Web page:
It has been a while since I wrote a post on this site. I have a few ideas for topics to write about in the future but I shall let them percolate for the time being.
Meanwhile, I thought I would write a brief post to share what I have been reading lately that relates to my work.
Photo by Susan Yin on Unsplash
By Aino Vonge Corry
Aino is a long-time facilitator of retrospectives. Whilst she hails from Denmark, I recall hearing her speak at a YOW! conference in Sydney several years ago.
As someone who has facilitated and participated in retrospectives for many years, I’m keen to learn how to make them more effective. So I’m grateful to Aino for sharing the knowledge she has gained from her experience.
Somewhat ironically, Retrospective Antipatterns is arranged in a pattern. Aino presents 24 antipatterns, divided into three parts: structural, planning and people. Each part contains eight antipatterns. Is it a coincidence that there is a picture of an octopus on the cover of the book?
Anyway, I’ve read the first three chapters and am keen to work my way through the remainder of the book. Unfortunately I haven’t had the opportunity to be involved in any retrospectives for a while but hopefully that will change soon.
By Daniel Coyle
Whilst I haven’t read Daniel Coyle’s The Talent Code, I recall hearing it recommended in a conference talk a few years ago. So, when I was curious to find a good book about what makes for a successful organisation, I was attracted to reading what Daniel had to say about culture.
Throughout my career as a software developer, which now spans 37 years, I have firmly been of the opinion that people are more challenging than technology. Moreover, I have thrived when I’ve worked within a well-functioning team. However, that has not always been the case. I can recall some stages in my career where, to me, there were significant problems with the organisation’s culture.
Daniel lays out advice about how a group can develop three crucial skills: building safety, sharing vulnerability and establishing purpose. I’ve nearly finished reading the chapters in the first section and am impressed by what I have read so far. Once I’ve finished the book, I anticipate delving back into it to refresh my memory on Daniel’s advice about building a healthy culture. It’s a vital topic for any workplace.
By Allan Kelly
We’ve been attempting to use Objectives and Key Results at work recently. I must admit I have been somewhat skeptical about how effective they have been. However, a few days ago I became aware of this book, which has been recently published in electronic form.
Having read Allan’s books Project Myopia and Continuous Digital, I was interested to learn that he had been moved to write a book about OKRs. I’ve only just started reading it but, knowing that it is based on Allan’s experience of how to create and deliver OKRs, I’m interested to read the rest of the book. Maybe then I’ll be more convinced of how helpful OKRs can be.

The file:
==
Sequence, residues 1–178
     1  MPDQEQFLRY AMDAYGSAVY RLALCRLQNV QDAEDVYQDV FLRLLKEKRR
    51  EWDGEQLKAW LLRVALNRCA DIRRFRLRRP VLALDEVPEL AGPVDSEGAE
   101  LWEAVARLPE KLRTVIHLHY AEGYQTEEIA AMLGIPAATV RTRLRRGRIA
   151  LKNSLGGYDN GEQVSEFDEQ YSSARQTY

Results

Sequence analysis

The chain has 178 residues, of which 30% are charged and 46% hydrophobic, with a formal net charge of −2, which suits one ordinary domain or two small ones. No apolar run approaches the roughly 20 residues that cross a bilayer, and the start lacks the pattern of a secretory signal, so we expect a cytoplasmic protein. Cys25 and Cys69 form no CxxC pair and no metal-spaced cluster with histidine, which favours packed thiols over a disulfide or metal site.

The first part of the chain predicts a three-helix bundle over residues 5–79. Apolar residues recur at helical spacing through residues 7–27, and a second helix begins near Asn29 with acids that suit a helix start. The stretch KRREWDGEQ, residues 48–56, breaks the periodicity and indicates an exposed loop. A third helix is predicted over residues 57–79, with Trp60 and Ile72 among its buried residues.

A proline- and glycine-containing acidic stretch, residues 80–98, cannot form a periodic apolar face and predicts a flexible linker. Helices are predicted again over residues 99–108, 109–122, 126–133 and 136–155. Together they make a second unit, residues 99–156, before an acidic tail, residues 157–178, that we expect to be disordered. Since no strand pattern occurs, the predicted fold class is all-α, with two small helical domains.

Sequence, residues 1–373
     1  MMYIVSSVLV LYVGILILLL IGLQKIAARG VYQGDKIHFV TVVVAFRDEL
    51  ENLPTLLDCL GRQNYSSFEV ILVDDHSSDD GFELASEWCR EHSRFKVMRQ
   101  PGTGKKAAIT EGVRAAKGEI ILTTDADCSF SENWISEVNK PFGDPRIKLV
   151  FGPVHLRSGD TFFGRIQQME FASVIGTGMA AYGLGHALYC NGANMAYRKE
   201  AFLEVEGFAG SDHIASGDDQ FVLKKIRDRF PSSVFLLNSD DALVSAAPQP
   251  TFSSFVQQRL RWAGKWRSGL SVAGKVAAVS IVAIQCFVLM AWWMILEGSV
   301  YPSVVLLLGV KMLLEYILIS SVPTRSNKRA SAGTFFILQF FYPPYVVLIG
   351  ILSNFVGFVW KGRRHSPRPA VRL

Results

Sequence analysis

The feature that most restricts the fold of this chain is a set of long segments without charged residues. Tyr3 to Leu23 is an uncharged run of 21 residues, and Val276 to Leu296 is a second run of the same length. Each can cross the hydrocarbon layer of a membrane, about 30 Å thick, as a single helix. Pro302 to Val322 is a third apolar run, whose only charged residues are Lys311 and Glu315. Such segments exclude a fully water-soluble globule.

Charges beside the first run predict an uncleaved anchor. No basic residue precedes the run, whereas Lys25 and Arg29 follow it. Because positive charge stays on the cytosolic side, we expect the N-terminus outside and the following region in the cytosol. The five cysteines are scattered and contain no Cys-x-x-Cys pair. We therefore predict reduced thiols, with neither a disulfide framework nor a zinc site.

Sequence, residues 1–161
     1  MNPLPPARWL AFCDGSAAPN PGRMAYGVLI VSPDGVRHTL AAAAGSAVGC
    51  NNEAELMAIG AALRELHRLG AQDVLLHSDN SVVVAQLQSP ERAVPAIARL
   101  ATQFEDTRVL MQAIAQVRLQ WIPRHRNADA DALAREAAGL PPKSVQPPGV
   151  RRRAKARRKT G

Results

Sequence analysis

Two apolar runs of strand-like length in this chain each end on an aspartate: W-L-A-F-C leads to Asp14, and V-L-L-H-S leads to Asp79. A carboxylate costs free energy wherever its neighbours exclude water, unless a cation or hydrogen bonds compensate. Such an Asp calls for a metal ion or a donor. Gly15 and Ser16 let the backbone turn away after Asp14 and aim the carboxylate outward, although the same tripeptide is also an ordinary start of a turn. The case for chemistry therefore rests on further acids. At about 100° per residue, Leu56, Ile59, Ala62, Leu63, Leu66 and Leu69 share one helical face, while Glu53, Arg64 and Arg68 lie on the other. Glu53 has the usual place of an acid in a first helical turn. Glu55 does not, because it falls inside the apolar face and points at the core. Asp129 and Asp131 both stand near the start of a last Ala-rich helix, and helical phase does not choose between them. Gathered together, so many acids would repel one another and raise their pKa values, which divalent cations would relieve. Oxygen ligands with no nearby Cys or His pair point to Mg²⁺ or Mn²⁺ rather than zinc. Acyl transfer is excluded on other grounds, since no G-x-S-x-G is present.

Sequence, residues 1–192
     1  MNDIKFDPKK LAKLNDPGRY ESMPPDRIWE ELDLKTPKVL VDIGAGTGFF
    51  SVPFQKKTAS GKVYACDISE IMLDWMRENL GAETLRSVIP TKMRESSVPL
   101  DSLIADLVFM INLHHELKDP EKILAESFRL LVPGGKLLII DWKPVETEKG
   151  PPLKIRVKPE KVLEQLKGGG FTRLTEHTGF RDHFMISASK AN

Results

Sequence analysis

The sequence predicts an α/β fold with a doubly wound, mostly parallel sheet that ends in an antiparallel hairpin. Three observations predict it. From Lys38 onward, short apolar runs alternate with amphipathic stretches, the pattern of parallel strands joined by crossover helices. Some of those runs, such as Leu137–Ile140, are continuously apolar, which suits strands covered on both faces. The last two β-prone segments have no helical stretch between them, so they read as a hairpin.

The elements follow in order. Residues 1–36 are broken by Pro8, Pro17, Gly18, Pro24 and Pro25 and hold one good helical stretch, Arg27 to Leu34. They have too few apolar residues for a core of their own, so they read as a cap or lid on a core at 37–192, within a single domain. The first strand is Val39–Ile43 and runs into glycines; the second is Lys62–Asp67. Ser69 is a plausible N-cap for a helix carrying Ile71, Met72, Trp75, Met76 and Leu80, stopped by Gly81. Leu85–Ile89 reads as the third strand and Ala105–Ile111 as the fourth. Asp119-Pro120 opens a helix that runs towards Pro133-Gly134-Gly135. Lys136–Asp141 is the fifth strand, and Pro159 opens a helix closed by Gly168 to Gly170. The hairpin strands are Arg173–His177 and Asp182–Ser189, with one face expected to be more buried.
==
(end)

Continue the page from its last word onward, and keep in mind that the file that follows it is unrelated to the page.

By Saša Jurić
I’ve been maintaining and enhancing an Elixir application at work for the last 18 months or so.
As I have built my knowledge about the application I have also found myself needing to delve into understanding the fundamentals of Elixir. This has been over and above understanding how Elixir implements functional programming. When needing to become more acquainted with the intricacies of Elixir’s GenServers, supervisors and fault-tolerance, for example, Elixir in Action has been an invaluable resource.
By Ben Marx, José Valim and Bruce Tate
Whilst I haven’t got far into this book, I am sure that it is contains much good advice. The authors of Adopting Elixir, published in 2018, wrote the book to share their experiences and provide details “that are typically difficult to find for an emerging language”.
The book is divided into three parts, following adoption from concept to development and, finally, to production. I’ve been dipping into different chapters in the book, mostly concerned with production. Despite the fact that it’s three years since this book was written, I’m finding it valuable. For example, given that we are in the process of shifting the deployment platform for our application from Heroku to AWS, the book provides helpful explanations of the details of how a release is built, how the application is configured, and how it can be deployed using blue-green deployments.
By Bruce Williams and Ben Wilson
Not so long ago at work I needed to develop a Proof of Concept API in our Elixir application. Given that we have used GraphQL elsewhere in our platform, I chose to develop an Elixir GraphQL API. This book proved to be extremely helpful.
Whilst the book goes into more detail than I needed, I appreciated how it guided me through the process of creating a schema module and a GraphQL query so that I could then demonstrate the API via GraphiQL.
So there you have it. I’ve always valued reading books as a way of learning and this post gives you, dear reader, an idea of what I’ve been reading lately.
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